Separation of the Sections from the State Bar
By Betty J. Williams
As this edition was about to go to print, I asked the Editor in Chief for additional space to share an important update concerning the inevitable separation of the sections from the State Bar. I have been involved with the Council of Sections (comprised of the Chair and sometimes past-Chair of each of the 16 practice group Sections of the State Bar) and have participated in countless conference calls and in-person meetings concerning the future of the Sections. These meetings have included members of the State Bar’s executive staff, Sections’ support staff, the Board of Trustees, and the press.
The Taxation Section voted early on to join the vote of the Business Law Section to separate from the bar. It became clear to the Taxation Section Executive Committee that the State Bar’s Executive Director, Elizabeth Parker, and Chief Operating Officer, Leah Wilson, were taking actions consistent with their intent to separate the Sections from the State Bar without our input. In addition to the Bagley-Keene Open Meeting Act compliance minutia and headache affecting our leadership of the various volunteer projects offered by the Taxation Section, we were suddenly prohibited from completing our contracts entered into with various vendors for our 2016 Annual Meeting of the California Tax Bar and California Tax Policy Conference, due to the "optics" of using our funds for networking events that included entertainment such as Las Vegas style gaming, and a photo fun booth. Understand that our bylaws allow the Executive Committee to approve such expenditures if certain criteria are met, including that we have paid any liabilities to the State Bar for its administrative services. Also know that the funds used for these activities did not come from our member’s dues, but rather from outside sponsors who agreed to pay for the events so that all conference attendees could enjoy the networking time together.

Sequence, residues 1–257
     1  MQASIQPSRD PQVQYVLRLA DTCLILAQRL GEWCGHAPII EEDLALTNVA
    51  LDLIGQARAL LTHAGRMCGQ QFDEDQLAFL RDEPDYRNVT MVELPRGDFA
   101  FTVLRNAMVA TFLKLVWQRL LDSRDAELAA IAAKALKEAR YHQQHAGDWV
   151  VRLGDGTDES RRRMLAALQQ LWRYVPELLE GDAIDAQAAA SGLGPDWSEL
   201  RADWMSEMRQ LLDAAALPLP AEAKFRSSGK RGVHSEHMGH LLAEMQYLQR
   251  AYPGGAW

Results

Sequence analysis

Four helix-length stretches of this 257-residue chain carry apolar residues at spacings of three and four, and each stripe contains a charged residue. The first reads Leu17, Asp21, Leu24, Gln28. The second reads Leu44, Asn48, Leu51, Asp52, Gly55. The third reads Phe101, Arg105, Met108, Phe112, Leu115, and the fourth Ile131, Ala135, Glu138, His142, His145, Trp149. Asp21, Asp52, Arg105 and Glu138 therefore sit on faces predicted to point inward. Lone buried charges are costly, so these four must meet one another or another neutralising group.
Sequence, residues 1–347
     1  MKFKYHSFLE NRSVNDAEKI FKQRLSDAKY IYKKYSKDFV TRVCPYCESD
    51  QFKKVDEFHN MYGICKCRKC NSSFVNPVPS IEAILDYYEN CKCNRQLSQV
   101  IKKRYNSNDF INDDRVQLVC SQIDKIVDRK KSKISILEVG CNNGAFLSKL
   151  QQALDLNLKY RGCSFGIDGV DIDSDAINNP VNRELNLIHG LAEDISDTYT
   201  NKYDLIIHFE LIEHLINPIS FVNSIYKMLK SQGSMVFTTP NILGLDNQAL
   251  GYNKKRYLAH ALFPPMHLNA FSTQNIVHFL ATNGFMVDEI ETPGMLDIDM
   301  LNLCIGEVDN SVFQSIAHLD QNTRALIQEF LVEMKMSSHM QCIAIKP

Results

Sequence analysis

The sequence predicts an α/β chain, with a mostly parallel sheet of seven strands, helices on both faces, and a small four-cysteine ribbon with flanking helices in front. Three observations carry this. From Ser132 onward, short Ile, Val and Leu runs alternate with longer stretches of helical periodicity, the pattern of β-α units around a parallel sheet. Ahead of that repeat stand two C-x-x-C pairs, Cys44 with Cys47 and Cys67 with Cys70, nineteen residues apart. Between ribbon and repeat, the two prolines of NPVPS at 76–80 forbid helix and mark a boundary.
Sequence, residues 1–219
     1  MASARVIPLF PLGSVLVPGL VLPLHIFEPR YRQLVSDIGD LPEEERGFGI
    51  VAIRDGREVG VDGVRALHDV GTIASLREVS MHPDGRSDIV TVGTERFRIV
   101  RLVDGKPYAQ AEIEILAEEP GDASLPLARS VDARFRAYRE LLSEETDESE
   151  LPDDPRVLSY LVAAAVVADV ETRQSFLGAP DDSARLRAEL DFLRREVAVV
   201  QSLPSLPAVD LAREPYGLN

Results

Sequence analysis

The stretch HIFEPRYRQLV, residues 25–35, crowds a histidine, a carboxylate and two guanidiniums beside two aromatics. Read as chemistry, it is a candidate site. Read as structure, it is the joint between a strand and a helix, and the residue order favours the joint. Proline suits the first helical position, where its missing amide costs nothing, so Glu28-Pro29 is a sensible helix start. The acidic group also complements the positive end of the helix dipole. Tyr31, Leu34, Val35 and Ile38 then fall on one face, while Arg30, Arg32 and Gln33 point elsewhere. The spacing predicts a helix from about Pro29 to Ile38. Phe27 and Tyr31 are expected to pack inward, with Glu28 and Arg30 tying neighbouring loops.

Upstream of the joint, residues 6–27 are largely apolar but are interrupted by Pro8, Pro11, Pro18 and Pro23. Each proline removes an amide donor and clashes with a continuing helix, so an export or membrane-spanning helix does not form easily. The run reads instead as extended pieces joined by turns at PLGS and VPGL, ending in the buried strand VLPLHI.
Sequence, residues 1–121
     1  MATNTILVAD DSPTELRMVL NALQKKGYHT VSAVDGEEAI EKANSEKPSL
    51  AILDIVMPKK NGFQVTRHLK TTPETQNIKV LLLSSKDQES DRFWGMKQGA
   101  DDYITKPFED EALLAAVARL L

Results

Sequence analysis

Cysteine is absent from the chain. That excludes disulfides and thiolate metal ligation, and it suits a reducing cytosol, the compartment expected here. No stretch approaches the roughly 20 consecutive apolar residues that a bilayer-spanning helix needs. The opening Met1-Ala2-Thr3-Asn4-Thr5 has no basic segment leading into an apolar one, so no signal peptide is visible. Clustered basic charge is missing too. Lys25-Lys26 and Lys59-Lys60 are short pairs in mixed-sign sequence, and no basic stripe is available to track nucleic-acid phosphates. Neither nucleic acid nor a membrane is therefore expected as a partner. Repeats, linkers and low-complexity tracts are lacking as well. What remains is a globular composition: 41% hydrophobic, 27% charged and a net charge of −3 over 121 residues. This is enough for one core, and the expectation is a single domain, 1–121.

We went to the Board of Trustees, to whom Parker and Wilson must answer, for assistance with what we felt were well-reasoned and logical requests, citing both contracts law and our bylaws. Remarkably, the Board of Trustees was not willing to direct Parker to proceed as we requested. One Board Member stated he had concerns about how it "would look" if the Board of Trustees directed Parker on her actions. As a result, we received no assistance and had to achieve our goal through other channels at the cost to our Section members and threatening future sponsorship relationships.